The confusion starts with the name, but whether you write SEGY, SEG Y, or SEG-Y, it's probably definitely pronounced 'segg why'. So what is this strange substance?
SEG-Y means seismic data. For many of us, it's the only type of seismic file we have much to do with — we might handle others, but for the most part they are closed, proprietary formats that 'just work' in the application they belong to (Landmark's brick files, say, or OpendTect's CBVS files). Processors care about other kinds of data — the SEG has defined formats for field data (SEG-D) and positional data (SEG-P), for example. But SEG-Y is the seismic file for everyone. Kind of.
The open SEG-Y "standard" (those air quotes are an important feature of the standard) was defined by SEG in 1975. The first revision, Rev 1, was published in 2002. The second revision, Rev 2, was announced by the SEG Technical Standards Committee at the SEG Annual Meeting in 2013 and I imagine we'll start to see people using it in 2014.
What's in a SEG-Y file?
SEG-Y files have lots of parts:
The important bits are the EBCDIC header (green) and the traces (light and dark blue).
The EBCDIC text header is a rich source of accurate information that provides everything you need to load your data without problems. Yay standards!
Oh, wait. The EBCDIC header doesn't say what the coordinate system is. Oh, and the datum is different from the processing report. And the dates look wrong, and the trace length is definitely wrong, and... aargh, standards!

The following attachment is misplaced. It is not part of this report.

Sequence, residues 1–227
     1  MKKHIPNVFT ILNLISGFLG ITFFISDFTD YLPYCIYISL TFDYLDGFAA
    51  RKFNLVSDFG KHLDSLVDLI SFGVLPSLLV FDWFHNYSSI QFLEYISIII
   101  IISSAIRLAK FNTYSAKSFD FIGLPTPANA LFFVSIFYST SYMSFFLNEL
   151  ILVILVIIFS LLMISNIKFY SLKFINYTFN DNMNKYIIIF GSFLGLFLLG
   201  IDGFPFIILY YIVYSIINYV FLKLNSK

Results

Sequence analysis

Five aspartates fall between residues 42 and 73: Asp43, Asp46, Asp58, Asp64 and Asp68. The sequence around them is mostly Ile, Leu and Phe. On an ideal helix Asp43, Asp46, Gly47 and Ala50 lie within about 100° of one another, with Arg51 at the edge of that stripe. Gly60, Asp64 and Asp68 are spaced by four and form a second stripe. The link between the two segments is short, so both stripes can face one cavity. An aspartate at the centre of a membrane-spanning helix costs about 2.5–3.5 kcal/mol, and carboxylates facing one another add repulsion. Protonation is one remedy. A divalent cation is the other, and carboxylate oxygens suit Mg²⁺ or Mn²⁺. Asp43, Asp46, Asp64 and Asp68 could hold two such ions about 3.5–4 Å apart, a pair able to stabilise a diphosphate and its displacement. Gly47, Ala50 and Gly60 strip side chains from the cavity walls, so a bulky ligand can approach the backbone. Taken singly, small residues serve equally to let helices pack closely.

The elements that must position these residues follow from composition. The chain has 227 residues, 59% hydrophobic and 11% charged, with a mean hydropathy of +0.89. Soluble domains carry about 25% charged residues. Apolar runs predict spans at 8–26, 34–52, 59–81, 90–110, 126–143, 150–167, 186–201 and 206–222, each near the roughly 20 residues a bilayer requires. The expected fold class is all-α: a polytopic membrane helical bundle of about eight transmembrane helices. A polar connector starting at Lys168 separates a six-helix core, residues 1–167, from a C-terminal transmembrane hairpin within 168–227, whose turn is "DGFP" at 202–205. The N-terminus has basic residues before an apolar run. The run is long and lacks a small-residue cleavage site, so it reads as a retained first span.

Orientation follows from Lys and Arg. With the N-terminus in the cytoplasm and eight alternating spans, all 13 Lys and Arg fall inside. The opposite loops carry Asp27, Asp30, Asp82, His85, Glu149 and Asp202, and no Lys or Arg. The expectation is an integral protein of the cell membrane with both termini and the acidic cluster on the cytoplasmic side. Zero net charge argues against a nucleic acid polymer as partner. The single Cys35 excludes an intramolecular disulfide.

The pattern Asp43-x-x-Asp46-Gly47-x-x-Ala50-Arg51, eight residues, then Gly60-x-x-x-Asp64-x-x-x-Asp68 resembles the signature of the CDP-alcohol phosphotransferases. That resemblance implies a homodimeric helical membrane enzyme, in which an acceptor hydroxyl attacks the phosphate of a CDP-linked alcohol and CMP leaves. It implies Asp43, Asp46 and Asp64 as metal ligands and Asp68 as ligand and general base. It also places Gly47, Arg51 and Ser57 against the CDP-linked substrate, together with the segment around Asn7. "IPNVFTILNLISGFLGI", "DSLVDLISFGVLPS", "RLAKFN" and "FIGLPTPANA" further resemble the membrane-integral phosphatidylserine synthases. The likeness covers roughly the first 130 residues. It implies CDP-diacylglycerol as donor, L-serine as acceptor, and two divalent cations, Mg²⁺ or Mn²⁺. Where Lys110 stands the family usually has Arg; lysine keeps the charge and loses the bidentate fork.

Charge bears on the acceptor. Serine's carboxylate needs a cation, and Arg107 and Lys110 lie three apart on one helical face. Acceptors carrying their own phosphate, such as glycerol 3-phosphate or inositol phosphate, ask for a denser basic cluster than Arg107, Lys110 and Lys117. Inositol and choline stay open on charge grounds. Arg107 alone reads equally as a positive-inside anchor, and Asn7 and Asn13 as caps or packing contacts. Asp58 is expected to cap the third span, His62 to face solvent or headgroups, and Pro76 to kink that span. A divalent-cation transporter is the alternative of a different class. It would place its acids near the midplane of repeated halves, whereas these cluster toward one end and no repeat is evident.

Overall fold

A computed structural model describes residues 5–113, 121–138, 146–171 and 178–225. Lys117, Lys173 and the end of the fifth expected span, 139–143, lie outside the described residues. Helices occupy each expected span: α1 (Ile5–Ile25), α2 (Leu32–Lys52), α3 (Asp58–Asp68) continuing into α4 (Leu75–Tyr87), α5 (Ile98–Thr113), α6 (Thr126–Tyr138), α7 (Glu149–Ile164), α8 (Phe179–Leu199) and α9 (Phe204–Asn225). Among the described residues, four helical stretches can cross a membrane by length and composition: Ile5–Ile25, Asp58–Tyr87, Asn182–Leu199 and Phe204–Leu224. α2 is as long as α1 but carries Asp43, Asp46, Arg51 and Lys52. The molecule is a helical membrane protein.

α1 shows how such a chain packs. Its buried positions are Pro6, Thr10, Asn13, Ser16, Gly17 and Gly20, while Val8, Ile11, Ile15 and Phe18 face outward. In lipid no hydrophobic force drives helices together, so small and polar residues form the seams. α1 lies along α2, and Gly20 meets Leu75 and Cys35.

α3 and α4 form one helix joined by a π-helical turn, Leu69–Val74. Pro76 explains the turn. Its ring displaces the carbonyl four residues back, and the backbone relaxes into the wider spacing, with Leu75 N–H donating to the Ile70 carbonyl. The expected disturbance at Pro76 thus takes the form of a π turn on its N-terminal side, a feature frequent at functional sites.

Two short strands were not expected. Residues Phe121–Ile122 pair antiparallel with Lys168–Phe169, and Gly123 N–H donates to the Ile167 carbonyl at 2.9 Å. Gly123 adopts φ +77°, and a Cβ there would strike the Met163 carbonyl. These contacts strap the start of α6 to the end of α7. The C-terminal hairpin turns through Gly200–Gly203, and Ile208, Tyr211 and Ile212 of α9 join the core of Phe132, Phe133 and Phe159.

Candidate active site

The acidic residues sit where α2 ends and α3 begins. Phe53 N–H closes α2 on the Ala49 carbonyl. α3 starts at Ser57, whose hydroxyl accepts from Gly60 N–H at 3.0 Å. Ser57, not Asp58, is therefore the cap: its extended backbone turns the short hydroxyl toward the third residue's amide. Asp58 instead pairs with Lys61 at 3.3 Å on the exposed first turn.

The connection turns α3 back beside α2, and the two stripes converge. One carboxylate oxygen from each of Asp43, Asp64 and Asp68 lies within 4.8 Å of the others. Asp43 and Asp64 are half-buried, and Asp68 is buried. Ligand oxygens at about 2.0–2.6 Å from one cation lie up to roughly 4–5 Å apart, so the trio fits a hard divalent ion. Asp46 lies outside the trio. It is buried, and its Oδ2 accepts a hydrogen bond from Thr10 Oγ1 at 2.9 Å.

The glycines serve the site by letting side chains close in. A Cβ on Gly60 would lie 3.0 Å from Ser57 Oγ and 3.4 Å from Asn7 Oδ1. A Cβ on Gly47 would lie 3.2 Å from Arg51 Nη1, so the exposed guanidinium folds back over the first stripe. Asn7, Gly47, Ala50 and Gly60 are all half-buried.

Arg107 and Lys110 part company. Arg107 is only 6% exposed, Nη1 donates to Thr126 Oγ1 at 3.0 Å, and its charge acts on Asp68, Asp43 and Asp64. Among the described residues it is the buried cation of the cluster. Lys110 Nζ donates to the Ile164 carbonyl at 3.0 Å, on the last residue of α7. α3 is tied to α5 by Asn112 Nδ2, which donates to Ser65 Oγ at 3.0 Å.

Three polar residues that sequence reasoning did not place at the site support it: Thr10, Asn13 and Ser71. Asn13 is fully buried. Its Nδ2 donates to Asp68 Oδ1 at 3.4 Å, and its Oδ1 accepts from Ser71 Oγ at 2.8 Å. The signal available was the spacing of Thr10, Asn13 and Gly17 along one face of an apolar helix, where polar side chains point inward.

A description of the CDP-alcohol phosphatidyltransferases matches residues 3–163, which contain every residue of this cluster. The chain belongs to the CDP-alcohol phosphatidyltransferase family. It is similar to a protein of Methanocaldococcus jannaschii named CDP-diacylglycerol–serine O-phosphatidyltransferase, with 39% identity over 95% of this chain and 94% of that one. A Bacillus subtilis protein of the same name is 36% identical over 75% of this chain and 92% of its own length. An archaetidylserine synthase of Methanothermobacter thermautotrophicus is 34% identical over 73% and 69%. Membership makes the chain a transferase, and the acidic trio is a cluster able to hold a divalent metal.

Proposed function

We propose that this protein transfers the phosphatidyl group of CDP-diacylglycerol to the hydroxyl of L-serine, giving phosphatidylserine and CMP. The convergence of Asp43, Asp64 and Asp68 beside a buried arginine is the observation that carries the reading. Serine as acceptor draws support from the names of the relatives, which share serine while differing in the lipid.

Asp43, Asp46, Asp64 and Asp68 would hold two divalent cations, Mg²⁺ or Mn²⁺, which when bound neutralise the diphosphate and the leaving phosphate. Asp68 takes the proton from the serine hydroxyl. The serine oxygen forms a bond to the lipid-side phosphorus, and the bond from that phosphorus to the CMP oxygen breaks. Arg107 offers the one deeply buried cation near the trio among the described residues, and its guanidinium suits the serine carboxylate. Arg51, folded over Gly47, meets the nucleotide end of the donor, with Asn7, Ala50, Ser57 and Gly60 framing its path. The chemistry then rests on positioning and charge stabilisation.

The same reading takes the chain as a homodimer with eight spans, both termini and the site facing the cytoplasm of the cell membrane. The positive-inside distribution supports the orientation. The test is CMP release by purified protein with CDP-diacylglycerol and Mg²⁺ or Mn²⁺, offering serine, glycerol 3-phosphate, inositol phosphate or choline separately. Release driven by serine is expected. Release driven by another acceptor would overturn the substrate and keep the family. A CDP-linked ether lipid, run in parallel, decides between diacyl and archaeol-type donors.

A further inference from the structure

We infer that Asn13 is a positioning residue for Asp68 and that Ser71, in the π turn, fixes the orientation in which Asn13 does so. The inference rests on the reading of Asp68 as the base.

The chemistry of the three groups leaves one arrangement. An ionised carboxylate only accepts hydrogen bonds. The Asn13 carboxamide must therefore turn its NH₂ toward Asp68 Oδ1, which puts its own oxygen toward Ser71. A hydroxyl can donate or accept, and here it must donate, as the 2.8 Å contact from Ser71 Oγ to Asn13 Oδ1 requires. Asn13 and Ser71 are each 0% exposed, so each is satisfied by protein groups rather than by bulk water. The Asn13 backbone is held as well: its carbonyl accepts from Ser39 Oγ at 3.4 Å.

The other important bit — the point of the whole file really — is the traces themselves. They also have two parts: a header (light blue, above) and the actual data (darker blue). The data are stored on the file in (usually) 4-byte 'words'. Each word has its own address, or 'byte location' (a number), and a meaning. The headers map the meaning to the location, e.g. the crossline number is stored in byte 21. Usually. Well, sometimes. OK, it was one time.
According to the standard, here's where the important stuff is supposed to be:
I won't go into the unpleasantness of poking around in SEG-Y files right now — I'll save that for next time. Suffice to say that it's often messy, and if you have access to a data-loading guru, treat them exceptionally well. When they look sad — and they will look sad — give them hugs and hot tea.
What's so great about Rev 2?
The big news in the seismic standards world is Revision 2. According to this useful presentation by Jill Lewis (Troika International) at the Standards Leadership Council last month, here are the main features:
- Allow 240 byte trace header extensions.
- Support up to 231 (that's 2.1 billion!) samples per trace and traces per ensemble.
- Permit arbitrarily large and small sample intervals.
- Support 3-byte and 8-byte sample formats.
- Support microsecond date and time stamps.
- Provide for additional precision in coordinates, depths, elevations.
- Synchronize coordinate reference system specification with SEG-D Rev 3.
- Backward compatible with Rev 1, as long as undefined fields were filled with binary zeros.
Two billion samples at µs intervals is over 30 minutes Clearly, the standard is aimed at <ahem> Big Data, and accommodating the massive amounts of data coming from techniques like variable timing acquisition, permanent 4D monitoring arrays, and microseismic.
Next time, we'll look at loading one of these things. Not for the squeamish.